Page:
By Janee Law
While each image that hangs in Fotofoto Gallery started out as a photograph, viewers might be surprised to learn that what they’re seeing actually is a photo.
The development that photographers put into their work starts with camera settings, concludes in the digital darkroom, and results in stunning works of art.
“We are fine art photographers," said Holly Gordon, publicity coordinator for the Huntington village gallery. "We have a serious vision and idea about what we’re doing when determining our imagery."
Gordon, of Bay Shore, added, “It’s much more complicated than just pushing a button and letting the technology surprise us.”
Photography is both a versatile tool and medium, and it’s changed since the industry moved into the digital age, Gordon explained.
With that, Fotofoto Gallery serves as a “homegrown basis right here in Huntington for where photography is today.” It began in 2003 on the top floor of a New York Avenue building, but moved seven years ago to its current shared space at 14 West Carver St.
As the location has changed, so has artist membership, Gordon said. The gallery currently sports around 10 members. “It’s pretty extraordinary that we have done better than survive with the economic debacle,” Gordon said.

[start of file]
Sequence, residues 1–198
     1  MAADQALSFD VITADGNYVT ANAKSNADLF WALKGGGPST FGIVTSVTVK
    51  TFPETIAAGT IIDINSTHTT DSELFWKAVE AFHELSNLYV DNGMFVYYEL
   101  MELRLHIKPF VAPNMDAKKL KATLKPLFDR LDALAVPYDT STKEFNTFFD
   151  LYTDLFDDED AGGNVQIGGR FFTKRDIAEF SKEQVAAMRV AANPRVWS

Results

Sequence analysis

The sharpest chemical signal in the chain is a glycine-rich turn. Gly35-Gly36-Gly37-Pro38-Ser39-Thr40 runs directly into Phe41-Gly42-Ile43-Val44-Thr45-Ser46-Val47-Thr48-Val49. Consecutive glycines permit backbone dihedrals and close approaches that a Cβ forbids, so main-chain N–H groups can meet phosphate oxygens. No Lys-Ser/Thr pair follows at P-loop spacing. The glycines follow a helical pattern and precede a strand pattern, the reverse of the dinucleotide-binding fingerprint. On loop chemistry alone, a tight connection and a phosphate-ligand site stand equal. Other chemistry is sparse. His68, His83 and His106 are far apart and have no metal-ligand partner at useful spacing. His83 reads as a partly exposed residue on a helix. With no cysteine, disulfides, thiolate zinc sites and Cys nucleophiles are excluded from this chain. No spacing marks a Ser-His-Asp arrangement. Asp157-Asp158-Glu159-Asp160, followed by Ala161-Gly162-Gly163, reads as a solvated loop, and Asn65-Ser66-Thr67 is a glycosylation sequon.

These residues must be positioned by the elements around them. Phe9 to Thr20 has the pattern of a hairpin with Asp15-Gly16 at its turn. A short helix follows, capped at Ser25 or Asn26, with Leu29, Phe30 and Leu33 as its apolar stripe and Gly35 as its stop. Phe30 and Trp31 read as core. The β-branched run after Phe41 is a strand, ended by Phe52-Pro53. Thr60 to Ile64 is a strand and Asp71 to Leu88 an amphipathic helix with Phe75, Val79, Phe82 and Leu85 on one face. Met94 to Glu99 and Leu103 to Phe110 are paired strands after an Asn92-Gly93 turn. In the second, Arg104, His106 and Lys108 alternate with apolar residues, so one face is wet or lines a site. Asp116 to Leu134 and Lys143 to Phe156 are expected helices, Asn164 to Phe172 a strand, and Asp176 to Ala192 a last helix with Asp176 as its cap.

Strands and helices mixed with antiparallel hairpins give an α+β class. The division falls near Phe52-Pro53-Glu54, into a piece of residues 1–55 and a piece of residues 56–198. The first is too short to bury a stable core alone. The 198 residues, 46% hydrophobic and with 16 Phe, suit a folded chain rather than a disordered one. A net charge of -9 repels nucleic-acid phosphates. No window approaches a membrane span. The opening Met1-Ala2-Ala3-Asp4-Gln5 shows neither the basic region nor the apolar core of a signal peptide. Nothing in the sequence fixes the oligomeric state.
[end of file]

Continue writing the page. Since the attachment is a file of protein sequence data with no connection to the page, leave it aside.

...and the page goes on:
What has made the gallery successful is its integrity, the attitude its members have toward quality work, and their ability to relate to the public, she said.
“There’s something very special about being part of an organization where we’re all supportive and like-minded,” Gordon said. “It’s very synergistic — the whole is greater than the sum of its parts because each of us uses the gallery in our own way. ... It becomes a springboard for exhibiting elsewhere, and any of our personal successes just reflect on being part of this gallery.”
Those interested in becoming a member, Gordon said, can submit a portfolio, artist statement, and meet members of the organization. Once a member, artists are given the opportunity to have a solo exhibit each year at the gallery.
“We are looking to encourage photographers to experiment, explore and expand,” Gordon said. “We are the only collective photography gallery on Long Island that gives serious photographers, who have a personal vision, an opportunity to exhibit a body of work annually and engage with other serious like-minded photographers.”
The nonprofit hosts a different exhibit each month; it’s currently displaying “A Closer Look,” which features the works of nine photographers. The theme of the exhibit is “how each of the artists have looked closely to create their images,” Gordon said. It will be on display until Nov. 25.
“It was titled loosely because each of us has our vision, our own technique and our own idea,” she said. “When we have a group show, we want the theme to be broad enough to let us all do our thing.”
Following that, the gallery will be hosting its 13th Annual National Photography Competition, through which photographers across the country will submit their work for a chance to win a prize and be featured in an exhibition next year.
Editor's note: The 13th Annual National Photography Competition is open to
all photographers. An earlier version of this story, and the print version in
the Nov. 9, 2017 issue of The Long-Islander, incorrectly stated otherwise.